Tradition tells us there were three wise men, this from the gifts they gave: gold, frankincense and myrrh.  However, one journey from from Babylon to Jerusalem, Ezra 7:9 took about five months.  Granted, there were hundreds of people on this journey, so it probably took longer than normal.  It was still a long trip.  We don’t know for certain where they started, but there would certainly have been more than three solitary men travelling all that way.  There would have been supplies for the trip, guards for protection, cf. Ezra 8:22, and servants to care for them and the animals, so that it was no doubt an impressive array of people and animals which came into Jerusalem, seeking One born King of the Jews.  Or perhaps they joined a trade caravan.  Either way, there were a lot more than three people involved, as well as an unknown number of wise men.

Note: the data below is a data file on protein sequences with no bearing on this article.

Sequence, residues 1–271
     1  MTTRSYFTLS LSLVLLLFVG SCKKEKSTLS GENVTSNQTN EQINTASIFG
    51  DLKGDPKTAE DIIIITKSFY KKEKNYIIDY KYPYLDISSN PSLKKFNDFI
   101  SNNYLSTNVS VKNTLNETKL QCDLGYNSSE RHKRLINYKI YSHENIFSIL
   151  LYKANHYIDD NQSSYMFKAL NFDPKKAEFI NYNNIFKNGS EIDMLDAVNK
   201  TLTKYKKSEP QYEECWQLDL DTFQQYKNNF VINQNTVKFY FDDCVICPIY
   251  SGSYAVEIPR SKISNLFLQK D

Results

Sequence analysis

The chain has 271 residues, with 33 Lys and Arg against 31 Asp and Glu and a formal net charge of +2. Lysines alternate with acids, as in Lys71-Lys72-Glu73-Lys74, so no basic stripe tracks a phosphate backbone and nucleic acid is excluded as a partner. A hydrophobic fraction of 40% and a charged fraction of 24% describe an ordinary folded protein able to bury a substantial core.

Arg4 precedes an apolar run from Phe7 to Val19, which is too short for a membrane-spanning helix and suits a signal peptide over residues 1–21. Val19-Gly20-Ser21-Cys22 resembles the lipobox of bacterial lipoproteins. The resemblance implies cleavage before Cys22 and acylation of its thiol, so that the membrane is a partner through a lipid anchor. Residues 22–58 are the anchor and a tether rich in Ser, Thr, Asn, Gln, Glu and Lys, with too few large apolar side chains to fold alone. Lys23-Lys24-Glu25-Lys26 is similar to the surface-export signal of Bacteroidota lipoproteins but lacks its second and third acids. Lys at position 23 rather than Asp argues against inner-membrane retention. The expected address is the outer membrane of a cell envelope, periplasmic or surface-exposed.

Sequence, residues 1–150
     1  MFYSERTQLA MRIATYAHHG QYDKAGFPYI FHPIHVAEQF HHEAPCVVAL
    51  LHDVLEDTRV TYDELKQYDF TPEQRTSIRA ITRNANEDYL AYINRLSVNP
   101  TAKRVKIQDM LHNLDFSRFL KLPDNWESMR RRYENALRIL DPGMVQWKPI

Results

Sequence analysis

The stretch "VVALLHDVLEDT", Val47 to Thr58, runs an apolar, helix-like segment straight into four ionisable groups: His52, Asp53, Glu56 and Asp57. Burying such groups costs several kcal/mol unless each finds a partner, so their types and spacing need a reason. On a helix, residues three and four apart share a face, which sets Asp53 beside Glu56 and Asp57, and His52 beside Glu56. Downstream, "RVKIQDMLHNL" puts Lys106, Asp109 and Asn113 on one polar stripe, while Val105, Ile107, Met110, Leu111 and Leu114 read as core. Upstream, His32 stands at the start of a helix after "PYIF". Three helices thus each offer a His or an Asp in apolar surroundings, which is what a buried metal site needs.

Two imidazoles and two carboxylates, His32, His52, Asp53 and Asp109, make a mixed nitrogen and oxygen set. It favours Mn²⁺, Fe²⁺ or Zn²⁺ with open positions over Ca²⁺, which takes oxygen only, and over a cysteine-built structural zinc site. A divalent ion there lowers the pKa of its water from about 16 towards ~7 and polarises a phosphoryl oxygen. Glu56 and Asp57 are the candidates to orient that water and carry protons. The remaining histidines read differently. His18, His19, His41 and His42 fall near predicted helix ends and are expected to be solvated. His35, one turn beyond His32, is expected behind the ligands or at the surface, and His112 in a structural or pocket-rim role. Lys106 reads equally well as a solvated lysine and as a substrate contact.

Why did they decide to make this arduous and  dangerous journey?  The wise men told Herod that they had seen His star in the East and have come to worship Him, Matthew 2:2.  There’s a lot of conjecture about all this.  We really don’t know what it was they saw, but they knew what it was.  This brings up the question, how did they know?

They knew because of the writings of Daniel, and because of him, they probably had at least some of the Old Testament as well.  Daniel had been very influential, Daniel 2:49. There’s no way of knowing for sure.  We’re not going to try to figure it out.  It’s enough that God saw to it they knew it was time, and they came to find and to worship the One around whom time revolves.